Nardostachys jatamansiPlant/Part: Dried and Crushed Rhizome and Roots (Source: India ans Asia)

Latin Name: Nardostachys jatamansi

Family: Valerianaceae

Extraction: Distillation

AROMA: Warm, misty, heavy aroma, is pale yellow in color and medium in viscosity.

PROPERTIES: Antibacterial, antifungal, antiinflammatory, deodorant, relaxing, and skin tonic. Spikenard is helpful in the treatment of allergic skin reactions and skin cancer. It may also help with allergies, Candida, indigestion, insomnia, menstrual difficulties, migraines, nausea, rashes, bacterial infections, stress, tachycardia, tension, and wounds that will not heal. It strengthens the heart and circulatory system.

CHEMICAL CONSTITUENTS: The main chemical components are bornyl acetate, valeranone, jonon, tetramenthyloxatricylodecanol, menthylthymyl-ether and 1,8-cineol.

PRECAUTIONS: The oil has no known contra-indications, but care should be taken as with all oils.

BLENDS: Blends particularly well with Lavender, Lemon, Clary Sage, Neroli, Patchouli and Vetiver.

SpikenardSpikenard (Nardostachys grandiflora or Nardostachys jatamansi; also called nard, nardin and muskroot ) is a flowering plant of the Valerian family that grows in the Himalayas of China, India and Nepal. The plant grows to about 1 m in height and has pink, bell-shaped flowers. Spikenard rhizomes (underground stems) can be crushed and distilled into an intensely aromatic amber-colored essential oil, which is very thick in consistency. Nard oil is used as a perfume, an incense, a sedative, and an herbal medicine said to fight insomnia, birth difficulties, and other minor ailments. Lavender (genus Lavandula) was also known by the ancient Greeks as naardus, nard, after the Syrian city of Naarda.

The oil was known in ancient times and was part of the Ayurvedic herbal tradition of India. It was obtained as a luxury in ancient Egypt, the Near East, and Rome, where it was the main ingredient of the perfume nardinum. Nard was used to perfume the body of Patroklos by Achilles in Book 18 of Homer's Iliad. Pliny's Natural History lists twelve species of "nard", identifiable with varying assurance, in a range from lavender stoechas and tuberous valerian to true nard (in modern terms Nardostachys jatamansi).

Spikenard was very precious in ancient times, used only by kings, priests and high initiates in Egyptian, Hebrew, and Hindu civilizations. Nard is mentioned a number of times in the Old Testament. It was used as one of the Eleven Herbs for the Incense in the Holy Temple in Jerusalem. And it is mentioned twice in the biblical love poem, the Song of Solomon (1:12 and 4:13).

In the New Testament John 12:1-10, six days before the passover, Mary, sister of Lazarus uses a pound of pure nard to anoint Jesus's feet. Judas Iscariot, the keeper of the money-bag, asked why the ointment wasn't sold for three hundred denarii instead, (About a year's wages, as the average agricultural worker received 1 denarius for 12 hours work: Matthew 20:2) and the money given to the poor. Two passages in parallel (Matthew 26:6-13, and Mark 14:3-9) speak of an occasion 2 days before the passover, in which an unnamed woman anoints Jesus's head. The costly perfume she used came from an alabaster jar, and contained nard according to the passage in Mark. On this occasion, the disciples also protest, saying that the perfume should have been sold to benefit the poor.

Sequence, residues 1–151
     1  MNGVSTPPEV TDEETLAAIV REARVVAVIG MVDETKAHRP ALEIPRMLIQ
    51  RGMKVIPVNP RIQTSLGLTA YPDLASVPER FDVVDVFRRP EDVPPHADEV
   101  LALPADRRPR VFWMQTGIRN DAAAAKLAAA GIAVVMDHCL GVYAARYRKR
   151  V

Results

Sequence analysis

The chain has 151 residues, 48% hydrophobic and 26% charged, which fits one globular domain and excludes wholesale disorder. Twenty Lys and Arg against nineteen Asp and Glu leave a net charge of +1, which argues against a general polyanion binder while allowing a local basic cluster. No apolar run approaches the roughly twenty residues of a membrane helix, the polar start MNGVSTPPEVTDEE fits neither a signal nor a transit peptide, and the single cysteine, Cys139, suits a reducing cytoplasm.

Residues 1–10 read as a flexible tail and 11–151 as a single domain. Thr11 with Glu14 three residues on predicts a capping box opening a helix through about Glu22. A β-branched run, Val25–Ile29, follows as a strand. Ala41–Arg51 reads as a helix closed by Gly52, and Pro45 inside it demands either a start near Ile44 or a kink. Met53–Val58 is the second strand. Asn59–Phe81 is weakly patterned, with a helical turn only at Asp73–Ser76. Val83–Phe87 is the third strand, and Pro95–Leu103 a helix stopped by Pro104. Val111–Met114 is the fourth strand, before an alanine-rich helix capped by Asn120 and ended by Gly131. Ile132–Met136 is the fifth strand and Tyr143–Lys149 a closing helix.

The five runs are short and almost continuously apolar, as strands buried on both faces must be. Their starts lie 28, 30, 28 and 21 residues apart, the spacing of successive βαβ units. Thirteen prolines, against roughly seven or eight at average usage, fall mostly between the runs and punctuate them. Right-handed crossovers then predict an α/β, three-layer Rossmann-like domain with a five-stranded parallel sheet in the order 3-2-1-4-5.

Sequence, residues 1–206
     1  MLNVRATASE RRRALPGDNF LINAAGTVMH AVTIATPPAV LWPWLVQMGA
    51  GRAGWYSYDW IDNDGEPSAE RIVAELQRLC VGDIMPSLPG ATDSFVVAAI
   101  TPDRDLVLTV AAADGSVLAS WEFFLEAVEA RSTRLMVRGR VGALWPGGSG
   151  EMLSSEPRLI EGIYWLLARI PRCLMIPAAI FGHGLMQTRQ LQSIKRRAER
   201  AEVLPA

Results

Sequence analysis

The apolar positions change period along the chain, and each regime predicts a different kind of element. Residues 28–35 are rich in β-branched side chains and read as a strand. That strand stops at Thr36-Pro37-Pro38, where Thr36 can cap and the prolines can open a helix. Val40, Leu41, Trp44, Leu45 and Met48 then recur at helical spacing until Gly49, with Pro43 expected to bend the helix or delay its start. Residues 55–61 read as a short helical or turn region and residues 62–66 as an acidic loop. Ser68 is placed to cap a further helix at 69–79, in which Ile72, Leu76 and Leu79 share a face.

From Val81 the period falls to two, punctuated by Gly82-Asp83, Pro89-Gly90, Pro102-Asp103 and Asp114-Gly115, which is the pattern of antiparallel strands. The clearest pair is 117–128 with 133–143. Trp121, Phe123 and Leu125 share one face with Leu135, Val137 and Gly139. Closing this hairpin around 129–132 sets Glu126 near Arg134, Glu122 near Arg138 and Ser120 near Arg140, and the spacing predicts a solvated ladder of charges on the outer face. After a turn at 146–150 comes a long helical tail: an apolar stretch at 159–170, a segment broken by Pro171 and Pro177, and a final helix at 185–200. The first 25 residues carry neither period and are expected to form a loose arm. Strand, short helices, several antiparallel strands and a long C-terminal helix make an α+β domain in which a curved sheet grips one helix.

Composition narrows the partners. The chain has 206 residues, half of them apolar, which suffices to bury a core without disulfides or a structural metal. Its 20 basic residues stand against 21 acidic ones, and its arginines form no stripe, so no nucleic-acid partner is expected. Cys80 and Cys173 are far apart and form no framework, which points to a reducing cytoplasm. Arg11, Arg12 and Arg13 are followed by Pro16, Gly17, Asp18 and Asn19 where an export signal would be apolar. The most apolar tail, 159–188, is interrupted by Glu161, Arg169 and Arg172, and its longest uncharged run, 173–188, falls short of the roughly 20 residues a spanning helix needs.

Spikenard RootThe powdered root of Spikenard is also mentioned in some Islamic traditions as the fruit which Adam ate in Paradise, which God had forbidden him to eat. Spikenard is also used to season foods in Medieval European cuisine, especially as a part of the spice blend used to flavor Hypocras, a sweetened and spiced wine drink. Spikenard was also used from the 17th century as one of the ingredients for a strong beer called Stingo.

Spikenard essential oil is used as a diuretic, useful for rashes and skin allergies, it is anti-fungal and has a balancing effect on the menstrual cycle. Emotionally this oil is reserved for deep seated grief or old pain. It is used in palliative care to help ease the transition from life to death.

Spikenard oil can be effective for tension, stress, migraine, nervous indigestion and insomnia. It seems to have rejuvenating qualities especially for the mature skin, and can help with allergies, skin inflammations and rashes.

Some ways in which to use Spikenard Essential Oil:

  • For rough or wrinkled skin, try diluting a few drops of Spikenard essential oil with olive oil and apply as a natural moisturizer.

  • Blend 50% Spikenard essential oil with 50% olive oil and apply on location for hemorrhoids. (Your first application may sting initially.)

  • For help with cholesterol, apply 2-4 drops of Spikenard essential oil on wrists, inside elbows, or at the base of the throat two or three times daily.

  • Apply 1-2 drops of Spikenard oil on your forehead, temples and mastoids (the bones just behind your ears) to help vitalize your brain.

  • To soothe the tummy, apply a few drops of Spikenard oil on the stomach for indigestion or nausea.

  • Wear a couple drops of Spikenard oil as perfume and/or use as a deodorant.

  • To disinfect place a drop or two on the wound to speed up healing.

Spikenard is considered non-toxic, non-irritant, and non-sensitizing, and is closely related to common valerian (Valariana officinalis) with which it shares many of its sedative and tonic properties. It was traditionally used to anoint persons of high honor due to its expense and is considered to have spiritual applications for blessing and protection.

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